I don’t need the money but other travellers do! The system certainly doesn’t cope well with those, who want to change from using their Freedom Pass to a ticket at East Croydon station.
If I’m going out and back through Gatwick, the problem can also be solved by buying a return ticket from East Croydon to Gatwick Airport from a ticket machine from certain companies like the Overground and Thameslink.
This is the title of a small article in the Business section of today’s Sunday Times
Heathrow is annoyed that the Office of Rail and Road rejected their plan to charge every train that uses the line to the Airport, £597, with a maintenance charge of £138,
So they are going for a judicial review.
This is the last sentence of the article.
It (Heathrow) argues that it is unfair to make air passengers – who may never use Crossrail – subsidise the new line.
- If passengers use Crossrail, this will mean they won’t have to pay the high prices on the expensive Heathrow Express, which only takes you to the inaccessible-for-many Paddington.
- Crossrail will be the route of choice of many passengers to and from Heathrow. As an example, three out of four of my closest stations will be a single change via Crossrail to Heathrow.
- When Crossrail opens, I suspect only unknowing and the rich will use Heathrow Express.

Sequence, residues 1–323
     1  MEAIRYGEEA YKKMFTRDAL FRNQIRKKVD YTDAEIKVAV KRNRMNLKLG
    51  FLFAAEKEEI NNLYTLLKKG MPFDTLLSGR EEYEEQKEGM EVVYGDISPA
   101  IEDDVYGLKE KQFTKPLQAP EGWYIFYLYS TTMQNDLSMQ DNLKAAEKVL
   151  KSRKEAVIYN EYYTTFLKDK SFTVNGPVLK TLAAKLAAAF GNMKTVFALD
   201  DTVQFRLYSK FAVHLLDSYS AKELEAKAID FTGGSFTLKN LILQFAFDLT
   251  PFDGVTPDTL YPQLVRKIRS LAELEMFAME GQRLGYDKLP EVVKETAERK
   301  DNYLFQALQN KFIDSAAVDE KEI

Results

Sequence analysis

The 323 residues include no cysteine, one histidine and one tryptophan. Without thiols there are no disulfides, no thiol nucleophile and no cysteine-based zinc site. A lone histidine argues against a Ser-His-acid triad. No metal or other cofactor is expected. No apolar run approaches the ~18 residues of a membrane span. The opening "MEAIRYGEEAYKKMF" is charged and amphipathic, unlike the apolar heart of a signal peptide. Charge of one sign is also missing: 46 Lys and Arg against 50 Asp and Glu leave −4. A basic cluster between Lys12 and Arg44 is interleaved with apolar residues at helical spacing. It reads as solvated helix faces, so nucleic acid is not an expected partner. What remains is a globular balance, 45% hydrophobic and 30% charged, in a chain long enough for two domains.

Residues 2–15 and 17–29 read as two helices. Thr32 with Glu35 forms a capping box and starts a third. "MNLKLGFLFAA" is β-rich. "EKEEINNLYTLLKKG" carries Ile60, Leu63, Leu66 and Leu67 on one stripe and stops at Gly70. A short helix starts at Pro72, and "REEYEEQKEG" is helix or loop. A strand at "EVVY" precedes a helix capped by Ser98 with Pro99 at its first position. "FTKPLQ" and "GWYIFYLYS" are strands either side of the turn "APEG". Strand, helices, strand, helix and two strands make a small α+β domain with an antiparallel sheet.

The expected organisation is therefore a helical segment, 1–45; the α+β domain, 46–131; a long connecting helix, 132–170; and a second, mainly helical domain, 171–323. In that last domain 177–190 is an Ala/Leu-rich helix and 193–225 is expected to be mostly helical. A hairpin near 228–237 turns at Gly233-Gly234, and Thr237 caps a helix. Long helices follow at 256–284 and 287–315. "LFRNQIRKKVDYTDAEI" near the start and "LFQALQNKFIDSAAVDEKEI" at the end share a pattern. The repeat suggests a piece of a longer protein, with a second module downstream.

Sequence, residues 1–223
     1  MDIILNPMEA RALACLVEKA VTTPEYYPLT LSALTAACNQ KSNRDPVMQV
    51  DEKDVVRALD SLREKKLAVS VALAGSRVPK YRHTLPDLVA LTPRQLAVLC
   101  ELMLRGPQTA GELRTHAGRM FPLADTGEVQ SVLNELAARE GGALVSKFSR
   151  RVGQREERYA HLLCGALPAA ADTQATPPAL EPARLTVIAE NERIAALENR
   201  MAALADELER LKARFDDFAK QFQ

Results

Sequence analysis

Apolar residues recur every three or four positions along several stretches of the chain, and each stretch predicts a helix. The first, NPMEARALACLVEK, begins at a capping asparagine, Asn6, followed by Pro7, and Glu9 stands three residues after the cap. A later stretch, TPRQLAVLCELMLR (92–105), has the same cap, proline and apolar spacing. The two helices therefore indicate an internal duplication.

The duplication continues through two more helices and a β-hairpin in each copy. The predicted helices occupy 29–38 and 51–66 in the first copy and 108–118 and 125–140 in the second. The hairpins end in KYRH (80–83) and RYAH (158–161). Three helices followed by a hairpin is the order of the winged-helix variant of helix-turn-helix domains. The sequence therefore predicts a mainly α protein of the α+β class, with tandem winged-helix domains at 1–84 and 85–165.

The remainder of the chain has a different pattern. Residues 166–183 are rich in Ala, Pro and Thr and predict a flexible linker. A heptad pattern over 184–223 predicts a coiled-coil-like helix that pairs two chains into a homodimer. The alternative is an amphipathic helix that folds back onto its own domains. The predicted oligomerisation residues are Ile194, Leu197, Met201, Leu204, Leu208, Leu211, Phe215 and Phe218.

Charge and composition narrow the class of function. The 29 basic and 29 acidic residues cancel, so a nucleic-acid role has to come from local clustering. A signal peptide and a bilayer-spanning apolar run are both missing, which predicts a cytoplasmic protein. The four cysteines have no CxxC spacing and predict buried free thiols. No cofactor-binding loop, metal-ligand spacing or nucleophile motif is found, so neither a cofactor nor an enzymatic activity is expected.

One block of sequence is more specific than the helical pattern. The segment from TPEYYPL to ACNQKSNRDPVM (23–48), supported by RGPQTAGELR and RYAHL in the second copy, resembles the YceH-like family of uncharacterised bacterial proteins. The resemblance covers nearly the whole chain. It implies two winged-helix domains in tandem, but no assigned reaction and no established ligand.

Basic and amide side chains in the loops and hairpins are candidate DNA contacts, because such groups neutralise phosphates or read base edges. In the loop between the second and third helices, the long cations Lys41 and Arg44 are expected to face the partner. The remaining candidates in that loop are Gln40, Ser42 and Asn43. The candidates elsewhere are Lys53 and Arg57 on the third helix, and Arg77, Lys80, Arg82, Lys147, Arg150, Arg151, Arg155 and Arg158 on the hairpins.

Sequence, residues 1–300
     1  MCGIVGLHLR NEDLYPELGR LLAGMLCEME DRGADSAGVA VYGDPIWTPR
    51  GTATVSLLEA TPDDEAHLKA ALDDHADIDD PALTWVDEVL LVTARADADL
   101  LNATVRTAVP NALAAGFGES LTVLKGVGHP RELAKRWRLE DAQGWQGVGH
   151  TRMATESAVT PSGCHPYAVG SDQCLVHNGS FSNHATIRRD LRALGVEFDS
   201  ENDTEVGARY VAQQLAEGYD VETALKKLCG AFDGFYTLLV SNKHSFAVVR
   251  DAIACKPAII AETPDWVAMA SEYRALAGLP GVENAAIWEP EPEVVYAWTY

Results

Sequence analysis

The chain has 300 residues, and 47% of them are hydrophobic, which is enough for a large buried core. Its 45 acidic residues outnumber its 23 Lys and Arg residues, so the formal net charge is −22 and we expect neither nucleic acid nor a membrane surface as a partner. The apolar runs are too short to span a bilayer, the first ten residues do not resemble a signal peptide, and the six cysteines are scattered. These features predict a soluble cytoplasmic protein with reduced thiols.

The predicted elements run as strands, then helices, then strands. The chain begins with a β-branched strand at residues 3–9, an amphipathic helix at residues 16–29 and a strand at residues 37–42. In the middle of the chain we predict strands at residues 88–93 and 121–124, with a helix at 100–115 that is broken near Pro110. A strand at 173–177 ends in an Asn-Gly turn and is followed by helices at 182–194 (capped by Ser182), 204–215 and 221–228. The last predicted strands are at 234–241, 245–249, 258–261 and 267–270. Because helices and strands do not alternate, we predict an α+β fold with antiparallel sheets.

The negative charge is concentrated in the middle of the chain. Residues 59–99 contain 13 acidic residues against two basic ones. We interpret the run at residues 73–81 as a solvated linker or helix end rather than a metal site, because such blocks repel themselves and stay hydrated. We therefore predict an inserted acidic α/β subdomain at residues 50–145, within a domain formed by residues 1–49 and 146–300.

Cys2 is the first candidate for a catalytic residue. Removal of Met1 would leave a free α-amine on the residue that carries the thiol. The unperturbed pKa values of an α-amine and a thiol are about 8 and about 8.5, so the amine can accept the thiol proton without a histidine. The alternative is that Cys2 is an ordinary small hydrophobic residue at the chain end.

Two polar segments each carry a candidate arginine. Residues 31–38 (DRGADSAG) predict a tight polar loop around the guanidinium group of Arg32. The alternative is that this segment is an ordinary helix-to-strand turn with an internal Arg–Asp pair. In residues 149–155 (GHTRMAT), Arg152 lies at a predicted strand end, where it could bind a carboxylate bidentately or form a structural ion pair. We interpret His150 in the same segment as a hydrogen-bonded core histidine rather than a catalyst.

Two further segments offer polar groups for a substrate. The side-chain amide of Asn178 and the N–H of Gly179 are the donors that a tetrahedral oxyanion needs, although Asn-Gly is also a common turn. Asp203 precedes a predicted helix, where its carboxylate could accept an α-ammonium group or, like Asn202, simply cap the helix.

- Did Crossrail pay for the new Stockley Viaduct, which will increase capacity on the route to Heathrow?
- Many passengers, who have Freedom Passes (As I do!), won’t put Heathrow on their list of London Airports, unless they get free travel to the Airport on Crossrail. Boris promised it!
- Will passengers be able to use contactless ticketing to Heathrow Airport, as they can to Gatwick?
With the decision on the next South East runway to be made this week, Heathrow seems to be reinforcing the view that many hold of the Airport – It operates in a selfish culture, that is more about profits, than passengers, the Airport’s many neighbours and the environment.
I ask this question, as after I wrote Changing Sides, I’ve had some thoughtful comments.
In 2015, there were seven airports that handled over ten million passengers.
- London Heathrow – 74,985,748
- London Gatwick – 40,269,087
- Manchester – 23,136,047
- London Stansted – 22,519,178
- London Luton – 12,263,505
- Edinburgh – 11,114,587
- Birmingham – 10,187,122
In addition, there are airports like Bristol, Cardiff, East Midlands, Glasgow, Leeds-Bradford, Liverpool and Newcastle, that can take a significant portion of regional traffic.
I can add these comments.
- Manchester is taking traffic from other airports in the North and Scotland.
- In a decade or so, a very high speed rail link could enable Liverpool to provide extra runway capacity for Manchester.
- Birmingham will be on HS2 within a decade.
- Manchester will get HS2 within two decades.
- Six of the top seven airports are getting improved rail links.
- Glasgow is just off the list in eighth, but does Scotland need two airports in the Central Belt?
- Cardiff is not the busiest airport and was in fact 20th.
The Airports Commission said we need another runway in the South East, but will Brexit change matters?
I have this feeling that, Brexit could mean that we actually see more air-routes opening up.
- The British will always love their holidays in the sun.